The Refurbished Hawks Cay Resort Remains a Family Favorite for Escaping to the Florida Keys
By Nicholas Faber
There comes a moment in any vacation when you realize that you’ve forgotten everything else and you are just there, enjoying yourself, all the stress of the real world vanished.
For me, it was when I wrapped my arms around a bottlenose dolphin named Balla, a nine-foot male who nuzzled up to me in the enclosed water pen at Hawks Cay Resort. His skin was smooth and rubbery, and we were allowed to gently touch him, along with other dolphins in the resort’s Dolphin Connection program.
“This is awesome,” a teenage girl in the water next to me said. “This is the second time we’ve done this today.” She was waiting to go for a ride holding onto the dolphin’s dorsal fin. Hawks Cay is the kind of place you wish your parents had taken you every summer when you were a kid. It is a self contained 66-acre compound with pools, lagoons, kayaks, sailboats, tennis courts, snack bars, restaurants, and a kid’s club with a basketball court, soccer field, golf putting course and waterslide pirate ship for tykes. “We are a multi-generational resort,” says marketing manager Wilner Henri. “We see the same families all the time. They come, they fall in love with it, and make it their yearly vacation spot. But we can cater to adult couples as well.”
Hawks Cay Resort is located on Duck Key, roughly halfway down the chain of islands from Miami to Key West. The main hotel creates a crescent shaped enclosure on the Atlantic side of Duck Key, within which is the main pool, a tiki bar, a breakfast hall and a lagoon where kids can safely fool around with paddle boards and kayaks. Around the north side of the crescent are the water pens of the Dolphin Connection and a conference center; around the south side is the adults-only Oasis Bar and, further tucked away, the adults-only Tranquility Pool.
The main pool, meanwhile, is not exactly tranquil, permeated by a soundtrack of Caribbean steel drums and the squeals of happy kids. “They have their own designated pool at the Kid’s Club, but they all flock to here,” says Henri. Poolside, parents with cocktails in hand keep half-open eyes on the youngsters. Parents can further unplug by dropping off their bambinos at the Kid’s Club for morning or afternoon mini-camps. That compound is conveniently located next door to another adult amenity, the day spa.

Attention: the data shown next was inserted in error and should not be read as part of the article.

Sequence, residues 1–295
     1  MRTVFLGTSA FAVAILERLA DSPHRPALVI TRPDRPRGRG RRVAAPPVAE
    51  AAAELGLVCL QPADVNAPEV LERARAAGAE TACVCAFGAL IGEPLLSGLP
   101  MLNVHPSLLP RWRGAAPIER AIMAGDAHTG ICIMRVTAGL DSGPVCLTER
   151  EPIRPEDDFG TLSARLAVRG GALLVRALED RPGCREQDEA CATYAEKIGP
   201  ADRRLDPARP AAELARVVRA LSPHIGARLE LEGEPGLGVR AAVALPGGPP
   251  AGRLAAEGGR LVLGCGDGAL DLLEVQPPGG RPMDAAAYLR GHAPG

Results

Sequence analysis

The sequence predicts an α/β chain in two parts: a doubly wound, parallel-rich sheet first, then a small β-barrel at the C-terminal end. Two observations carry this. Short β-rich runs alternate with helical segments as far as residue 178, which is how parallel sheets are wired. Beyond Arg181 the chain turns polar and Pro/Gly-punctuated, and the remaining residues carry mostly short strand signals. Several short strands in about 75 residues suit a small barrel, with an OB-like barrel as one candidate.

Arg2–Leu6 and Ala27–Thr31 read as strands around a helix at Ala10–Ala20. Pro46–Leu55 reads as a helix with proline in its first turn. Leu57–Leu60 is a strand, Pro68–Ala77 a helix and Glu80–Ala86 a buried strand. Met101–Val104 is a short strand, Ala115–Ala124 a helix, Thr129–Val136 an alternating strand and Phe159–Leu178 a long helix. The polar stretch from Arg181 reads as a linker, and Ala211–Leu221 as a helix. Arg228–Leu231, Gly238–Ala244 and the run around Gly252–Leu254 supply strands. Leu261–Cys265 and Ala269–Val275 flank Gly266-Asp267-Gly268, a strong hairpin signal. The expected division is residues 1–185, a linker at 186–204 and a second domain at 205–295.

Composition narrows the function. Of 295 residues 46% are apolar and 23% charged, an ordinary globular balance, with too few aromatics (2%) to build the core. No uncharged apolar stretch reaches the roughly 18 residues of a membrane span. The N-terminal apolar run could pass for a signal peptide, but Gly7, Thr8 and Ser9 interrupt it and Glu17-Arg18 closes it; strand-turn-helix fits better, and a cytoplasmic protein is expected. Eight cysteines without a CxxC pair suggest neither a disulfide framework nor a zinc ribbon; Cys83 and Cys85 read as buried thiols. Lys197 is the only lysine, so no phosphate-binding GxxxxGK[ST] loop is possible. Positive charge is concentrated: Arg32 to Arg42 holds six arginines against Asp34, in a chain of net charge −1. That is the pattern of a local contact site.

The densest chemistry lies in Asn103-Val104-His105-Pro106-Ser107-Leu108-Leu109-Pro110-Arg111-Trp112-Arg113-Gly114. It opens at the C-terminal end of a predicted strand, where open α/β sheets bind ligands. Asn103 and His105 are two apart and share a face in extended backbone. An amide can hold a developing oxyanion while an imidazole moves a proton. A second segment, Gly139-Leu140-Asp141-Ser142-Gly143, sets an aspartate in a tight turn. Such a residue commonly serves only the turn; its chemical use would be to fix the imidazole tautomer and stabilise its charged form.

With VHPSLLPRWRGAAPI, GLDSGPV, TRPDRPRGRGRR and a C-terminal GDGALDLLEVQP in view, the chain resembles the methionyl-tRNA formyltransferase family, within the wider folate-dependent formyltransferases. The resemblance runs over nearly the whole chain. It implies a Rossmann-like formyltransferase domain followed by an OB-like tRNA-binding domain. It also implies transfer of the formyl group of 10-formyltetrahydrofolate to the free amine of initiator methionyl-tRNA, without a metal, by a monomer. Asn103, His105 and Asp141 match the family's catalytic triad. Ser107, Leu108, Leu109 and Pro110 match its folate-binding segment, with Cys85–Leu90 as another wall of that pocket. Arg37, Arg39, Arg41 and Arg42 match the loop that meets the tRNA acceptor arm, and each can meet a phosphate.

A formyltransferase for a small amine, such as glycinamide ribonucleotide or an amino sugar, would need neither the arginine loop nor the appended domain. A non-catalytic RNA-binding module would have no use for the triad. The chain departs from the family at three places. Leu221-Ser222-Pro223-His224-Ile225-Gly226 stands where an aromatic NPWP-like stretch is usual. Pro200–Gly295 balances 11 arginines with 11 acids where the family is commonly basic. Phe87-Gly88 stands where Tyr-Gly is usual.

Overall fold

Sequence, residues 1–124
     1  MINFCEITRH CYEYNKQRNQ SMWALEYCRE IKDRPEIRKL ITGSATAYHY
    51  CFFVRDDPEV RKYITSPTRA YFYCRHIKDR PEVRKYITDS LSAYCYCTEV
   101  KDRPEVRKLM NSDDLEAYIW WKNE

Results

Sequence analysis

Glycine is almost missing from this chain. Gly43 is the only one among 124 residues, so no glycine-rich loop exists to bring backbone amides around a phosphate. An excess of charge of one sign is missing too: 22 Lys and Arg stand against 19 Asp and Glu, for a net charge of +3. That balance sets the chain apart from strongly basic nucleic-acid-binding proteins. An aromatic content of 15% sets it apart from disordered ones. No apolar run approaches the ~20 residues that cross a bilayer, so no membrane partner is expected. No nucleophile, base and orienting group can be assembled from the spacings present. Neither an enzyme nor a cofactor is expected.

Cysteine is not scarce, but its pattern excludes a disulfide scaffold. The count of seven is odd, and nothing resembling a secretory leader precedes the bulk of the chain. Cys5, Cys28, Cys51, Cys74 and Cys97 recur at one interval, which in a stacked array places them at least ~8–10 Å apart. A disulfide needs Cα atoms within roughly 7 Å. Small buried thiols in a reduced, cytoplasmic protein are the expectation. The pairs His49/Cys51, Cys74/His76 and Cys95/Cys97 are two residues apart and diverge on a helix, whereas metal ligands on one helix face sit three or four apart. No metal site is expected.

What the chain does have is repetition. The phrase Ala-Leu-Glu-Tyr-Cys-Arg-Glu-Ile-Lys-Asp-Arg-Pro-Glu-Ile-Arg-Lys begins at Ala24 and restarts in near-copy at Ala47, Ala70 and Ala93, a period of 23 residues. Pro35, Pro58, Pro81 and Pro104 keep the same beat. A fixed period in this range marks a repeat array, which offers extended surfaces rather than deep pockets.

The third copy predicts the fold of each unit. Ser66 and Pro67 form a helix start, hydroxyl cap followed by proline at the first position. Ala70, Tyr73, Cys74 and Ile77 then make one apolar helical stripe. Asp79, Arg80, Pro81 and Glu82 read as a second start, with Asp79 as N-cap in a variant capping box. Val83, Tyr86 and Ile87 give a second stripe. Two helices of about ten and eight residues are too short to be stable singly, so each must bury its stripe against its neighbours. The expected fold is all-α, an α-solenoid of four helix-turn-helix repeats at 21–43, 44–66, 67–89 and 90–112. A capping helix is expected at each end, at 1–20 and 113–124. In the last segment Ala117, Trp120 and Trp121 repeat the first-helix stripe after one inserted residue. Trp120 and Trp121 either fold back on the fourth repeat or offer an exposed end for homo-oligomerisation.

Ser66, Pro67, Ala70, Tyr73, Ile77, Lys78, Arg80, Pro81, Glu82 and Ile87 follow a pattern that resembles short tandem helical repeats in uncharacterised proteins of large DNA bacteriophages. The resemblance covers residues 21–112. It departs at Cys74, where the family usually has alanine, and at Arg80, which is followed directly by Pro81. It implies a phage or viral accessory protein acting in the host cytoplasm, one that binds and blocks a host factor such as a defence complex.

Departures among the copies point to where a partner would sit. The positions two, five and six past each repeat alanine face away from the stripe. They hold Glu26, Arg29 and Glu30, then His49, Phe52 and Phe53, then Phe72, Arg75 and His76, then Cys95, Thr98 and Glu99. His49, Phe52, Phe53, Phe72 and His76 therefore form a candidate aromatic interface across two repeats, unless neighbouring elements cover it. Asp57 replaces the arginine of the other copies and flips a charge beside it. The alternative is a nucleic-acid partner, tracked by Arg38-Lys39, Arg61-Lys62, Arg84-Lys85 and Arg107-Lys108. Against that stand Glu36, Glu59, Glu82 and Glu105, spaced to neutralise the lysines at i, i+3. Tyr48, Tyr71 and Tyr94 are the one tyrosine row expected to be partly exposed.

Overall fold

In its own building, the spa is a refuge of relaxation, with muted pastel-blue walls, a sauna, a steam room, a sizeable gym, lockers and showers, and a “resting room” with chaise lounge chairs and Asian meditation music. All of which is an ultra-comfy setting for what we came for: the “Barefootin’” massage. It was administered perfectly – including hot towels wrapped around one foot while the other was being massaged into butter.
There are other adult-oriented tweaks as well, like 61 Prime, their new high-end beef (tomahawk steaks!) and seafood restaurant. Its bar offers a selection of cigars (as well as a nice collection of scotch).
While the resort has a no-smoking policy elsewhere, you can puff your stogie in the adult zone, which includes a nighttime firepit. For family meals you can walk (or take the Island Tram) to the Angler and Ale at the adjacent marina, where we ate a fantastic whole-fried grouper.
Accommodations at Hawks Cay come in two forms: hotel rooms or villas. Their 170 hotel rooms, all recently upgraded as part of a $50 million facelift for the property, are in the main resort building. On one side they offer views of the pool, the sunrise and the Atlantic; on the other, views of the sunset and Gulf of Mexico. The 250 villas are two-story townhomes built Key West style, with balconies and one, two or three bedrooms. We stayed in one of the villas, all individually owned and pooled for rental. It was clean and tidy, with a kitchen, nice high ceilings and a steep flight of stairs to bedrooms on the second floor. Great views and comfortable beds.
We also liked the Hawks Cay location. It’s much closer to the Gables than Key West, but sufficiently far away for The Keys Effect, where your worries peel away as you leave the urban maze behind. And for the more ambitious, Key West is 60 miles away.
But we were at Hawks Cay for just the weekend, and once ensconced in our villa, the rigorous schedule of dolphin playtime and spa treatments, along with a dash of early morning tennis, was enough to keep us pleasantly occupied. We came home feeling refreshed, having visited a foreign yet family-friendly place.